In politics Mr. Taake is a republican and fraternally he is a Scottish and York Rite Mason, a member of the Mystic Shrine, a life member of the grand lodge of Odd Fellows of Minnesota and a member of the Knights of Pythias. Something of the nature of his recreation is indicated in his membership with the Waveland Club, Golf Club and the Rotary Club. His life is a very busy one, with little leisure, yet his church, political, fraternal and club interests constitute the force that maintains the even balance to his business activities. He has studied the question of fraternal insurance from every possible standpoint, realizes the opportunities and benefits to be derived therefrom by all connected therewith and feels that no single agency so thoroughly safeguards the interests of the investors. Moreover, in the large combination of interests which he represents it is posible to study every phase of the business, to cull out the less essential elements and to emphasize and develop the more important points. Thus the value of the National Fraternal Congress of America is becoming more and more apparent.

-source: Iowa: It's History and Foremost Citizens, Chicago: Des Moines; The S. J. Clarke Publishing Company; 1918; pg. 562-563
-transcribed by S. Ferrall from the scanned bio. contributed by R. Zehner
Annotations - added August 16, 2005 by Jeannie Winter JWinter588@aol.com

Jeannie writes: "John Frederick Taake was my Great Uncle (my Grandpa Heinrich Taake's brother). I'm writing because there are a few grave errors in this biography:

"The parent Christian Frederick's full name on his birth record is Andreas Friedrich Christian Taake and he was born 28 July 1831 in Leede, Westfalen, Germany. He went by "Christian" and was never a native of Holland. I have a photocopy of his original birth record and also all his brothers and sister, who were also all born in Leede and Wechte, Westfalen, Germany. Christian is my Great Grandpa. There was always a disagreement between my Grandpa Heinrich Taake and his brother John. Grandpa said they were German and John said they were Dutch.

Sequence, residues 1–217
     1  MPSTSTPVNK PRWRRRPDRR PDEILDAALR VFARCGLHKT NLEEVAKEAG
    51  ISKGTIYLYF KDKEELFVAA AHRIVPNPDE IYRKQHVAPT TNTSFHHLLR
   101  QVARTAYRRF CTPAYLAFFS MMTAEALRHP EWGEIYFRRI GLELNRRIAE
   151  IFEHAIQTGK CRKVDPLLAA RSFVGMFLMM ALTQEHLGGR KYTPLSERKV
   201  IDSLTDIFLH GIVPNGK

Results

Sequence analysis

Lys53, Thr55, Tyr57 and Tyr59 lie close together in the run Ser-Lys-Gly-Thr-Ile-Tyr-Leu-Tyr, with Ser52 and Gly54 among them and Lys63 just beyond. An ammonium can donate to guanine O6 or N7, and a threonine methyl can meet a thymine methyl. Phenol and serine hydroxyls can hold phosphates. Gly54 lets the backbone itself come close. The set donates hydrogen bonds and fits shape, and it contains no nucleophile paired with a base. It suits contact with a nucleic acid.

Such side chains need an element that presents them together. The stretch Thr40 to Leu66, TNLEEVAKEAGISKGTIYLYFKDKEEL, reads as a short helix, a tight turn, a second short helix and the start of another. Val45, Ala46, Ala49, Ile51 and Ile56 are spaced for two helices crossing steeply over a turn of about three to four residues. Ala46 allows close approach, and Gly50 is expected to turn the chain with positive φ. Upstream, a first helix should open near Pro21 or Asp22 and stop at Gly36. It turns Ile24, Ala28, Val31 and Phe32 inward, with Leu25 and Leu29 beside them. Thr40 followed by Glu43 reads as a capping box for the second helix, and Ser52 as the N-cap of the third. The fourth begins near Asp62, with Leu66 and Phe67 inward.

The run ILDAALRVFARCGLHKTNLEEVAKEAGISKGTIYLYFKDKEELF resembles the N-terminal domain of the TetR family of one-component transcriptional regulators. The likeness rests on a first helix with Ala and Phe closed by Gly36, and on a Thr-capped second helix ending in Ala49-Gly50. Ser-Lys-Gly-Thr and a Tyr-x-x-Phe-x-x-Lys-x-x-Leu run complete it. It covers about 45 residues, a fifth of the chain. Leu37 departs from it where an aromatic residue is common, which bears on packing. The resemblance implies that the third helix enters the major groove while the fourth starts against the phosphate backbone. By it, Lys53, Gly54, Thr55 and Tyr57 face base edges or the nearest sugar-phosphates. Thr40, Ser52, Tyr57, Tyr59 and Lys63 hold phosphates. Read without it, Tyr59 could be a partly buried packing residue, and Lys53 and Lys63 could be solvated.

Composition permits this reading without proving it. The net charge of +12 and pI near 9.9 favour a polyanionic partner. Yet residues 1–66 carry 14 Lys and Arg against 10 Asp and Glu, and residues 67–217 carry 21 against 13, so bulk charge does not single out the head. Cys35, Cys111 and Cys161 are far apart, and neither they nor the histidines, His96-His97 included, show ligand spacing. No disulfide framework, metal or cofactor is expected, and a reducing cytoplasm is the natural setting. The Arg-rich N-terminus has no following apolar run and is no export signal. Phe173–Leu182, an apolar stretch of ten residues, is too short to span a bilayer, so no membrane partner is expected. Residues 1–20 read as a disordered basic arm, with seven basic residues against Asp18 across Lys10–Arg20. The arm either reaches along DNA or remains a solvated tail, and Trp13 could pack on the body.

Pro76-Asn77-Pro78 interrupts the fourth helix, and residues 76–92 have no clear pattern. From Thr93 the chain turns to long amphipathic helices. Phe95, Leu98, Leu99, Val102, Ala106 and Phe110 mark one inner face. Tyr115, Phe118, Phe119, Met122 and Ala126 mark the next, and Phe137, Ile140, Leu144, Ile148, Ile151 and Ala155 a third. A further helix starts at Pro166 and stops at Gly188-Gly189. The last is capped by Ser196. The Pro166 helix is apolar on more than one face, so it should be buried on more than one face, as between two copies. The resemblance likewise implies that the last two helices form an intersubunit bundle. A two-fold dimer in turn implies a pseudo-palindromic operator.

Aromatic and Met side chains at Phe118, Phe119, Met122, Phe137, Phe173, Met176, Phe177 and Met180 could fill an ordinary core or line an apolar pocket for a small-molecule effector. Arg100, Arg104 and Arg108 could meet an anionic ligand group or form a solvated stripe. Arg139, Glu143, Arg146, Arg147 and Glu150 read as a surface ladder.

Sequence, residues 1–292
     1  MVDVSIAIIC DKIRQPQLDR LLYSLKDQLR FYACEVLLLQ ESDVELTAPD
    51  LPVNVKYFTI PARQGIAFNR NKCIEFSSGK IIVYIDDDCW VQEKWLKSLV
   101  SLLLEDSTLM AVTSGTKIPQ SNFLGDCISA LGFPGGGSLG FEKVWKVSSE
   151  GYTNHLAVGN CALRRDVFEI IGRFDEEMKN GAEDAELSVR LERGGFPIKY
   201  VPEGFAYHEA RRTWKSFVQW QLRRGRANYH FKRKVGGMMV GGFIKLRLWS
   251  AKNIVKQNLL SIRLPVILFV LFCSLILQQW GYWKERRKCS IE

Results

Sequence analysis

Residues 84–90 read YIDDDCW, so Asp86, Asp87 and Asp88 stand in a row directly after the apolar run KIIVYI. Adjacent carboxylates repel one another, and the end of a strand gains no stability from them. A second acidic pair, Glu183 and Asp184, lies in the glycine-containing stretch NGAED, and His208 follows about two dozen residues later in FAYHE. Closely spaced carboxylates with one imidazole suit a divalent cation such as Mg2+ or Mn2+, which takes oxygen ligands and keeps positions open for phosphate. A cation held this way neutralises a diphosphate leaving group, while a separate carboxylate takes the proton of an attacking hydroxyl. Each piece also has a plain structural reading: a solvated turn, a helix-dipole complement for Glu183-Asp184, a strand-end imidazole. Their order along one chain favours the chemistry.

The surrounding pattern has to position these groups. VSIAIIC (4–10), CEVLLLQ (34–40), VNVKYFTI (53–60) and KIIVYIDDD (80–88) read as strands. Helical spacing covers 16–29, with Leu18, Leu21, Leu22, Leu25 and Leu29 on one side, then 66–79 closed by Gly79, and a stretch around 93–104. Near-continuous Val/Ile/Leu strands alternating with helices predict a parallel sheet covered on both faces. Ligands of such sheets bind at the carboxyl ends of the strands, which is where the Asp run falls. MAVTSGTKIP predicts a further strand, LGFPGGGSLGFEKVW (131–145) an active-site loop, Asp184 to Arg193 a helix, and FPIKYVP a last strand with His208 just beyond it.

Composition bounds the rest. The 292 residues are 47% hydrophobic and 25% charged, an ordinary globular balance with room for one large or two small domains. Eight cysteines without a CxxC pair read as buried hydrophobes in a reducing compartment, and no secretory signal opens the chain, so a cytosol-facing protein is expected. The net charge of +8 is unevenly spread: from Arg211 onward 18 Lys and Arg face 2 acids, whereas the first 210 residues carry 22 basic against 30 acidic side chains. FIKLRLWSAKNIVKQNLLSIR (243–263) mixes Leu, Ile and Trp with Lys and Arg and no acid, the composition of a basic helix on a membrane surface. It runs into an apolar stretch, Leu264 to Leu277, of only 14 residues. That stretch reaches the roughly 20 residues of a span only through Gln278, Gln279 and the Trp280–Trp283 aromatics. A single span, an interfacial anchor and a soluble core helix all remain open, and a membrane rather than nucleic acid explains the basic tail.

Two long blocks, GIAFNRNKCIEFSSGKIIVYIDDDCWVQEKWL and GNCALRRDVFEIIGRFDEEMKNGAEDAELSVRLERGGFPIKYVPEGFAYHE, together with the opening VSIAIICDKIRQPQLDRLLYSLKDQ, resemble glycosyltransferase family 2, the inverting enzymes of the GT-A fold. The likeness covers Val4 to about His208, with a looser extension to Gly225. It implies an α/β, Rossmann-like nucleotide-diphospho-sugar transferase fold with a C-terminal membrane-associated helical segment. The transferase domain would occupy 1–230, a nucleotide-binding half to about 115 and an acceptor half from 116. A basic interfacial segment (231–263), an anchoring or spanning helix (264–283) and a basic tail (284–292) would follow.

"Great Uncle John (Johann) Taake, whose bio is posted above, had taken a trip to Germany after WWI to visit the relatives and had loaned them $1,000 to help them through the post-war starvation in Germany. But Great Uncle Johann refused to his dying day to admit that he was German and had always said the family was from Holland. It was at a time when there was much anti-German sentiment in America because of the war. But whatever his reason was, Great Uncle John died denouncing his German heritage, stating that the Taake family was Dutch, and never spoke of his trip to Germany, not even to his own children. Grandpa Taake argued the family was German. Unknown then, both had been correct as far as the origin of the Taake surname. The surname Taake originated centuries earlier from the name of an early folk tribe "Tadjke" located in an area in extreme northern Germany known as Friesland. Part of Friesland is in Germany and part of it in the Netherlands. This is probably where the misconception that the Taake family was Dutch came from and was erroneously passed down.

"The paternal grandfather's name was Friedrich Wilhelm Taake. He's my Great Great Grandfather and he was born February 26, 1798 in Engter, Westfalen, Germany, not Holland, and all his children were born in Ledde and Wechte, Westfalen, Germany (except for the very last few born in America). He came over with his second wife and youngest children in 1863 on the ship "AMERICA", which sailed out of Bremen through the Port of New York. I have the photocopy of the original record from the National Archives. He was 65 years old when he came over, not in his early manhood. He married (1) CHRISTINA WOLFE (my GrGrGrandmother). She died October 18, 1846 in Wechte, Westfalen, Germany. He married (2) FRIEDRIKE SOPHIE STOFFER 1847 back in Germany. She came over with him and the younger children in 1863."


Clayton Biographies maintained by Sharyl Ferrall.
WebBBS 4.33 Genealogy Modification Package by WebJourneymen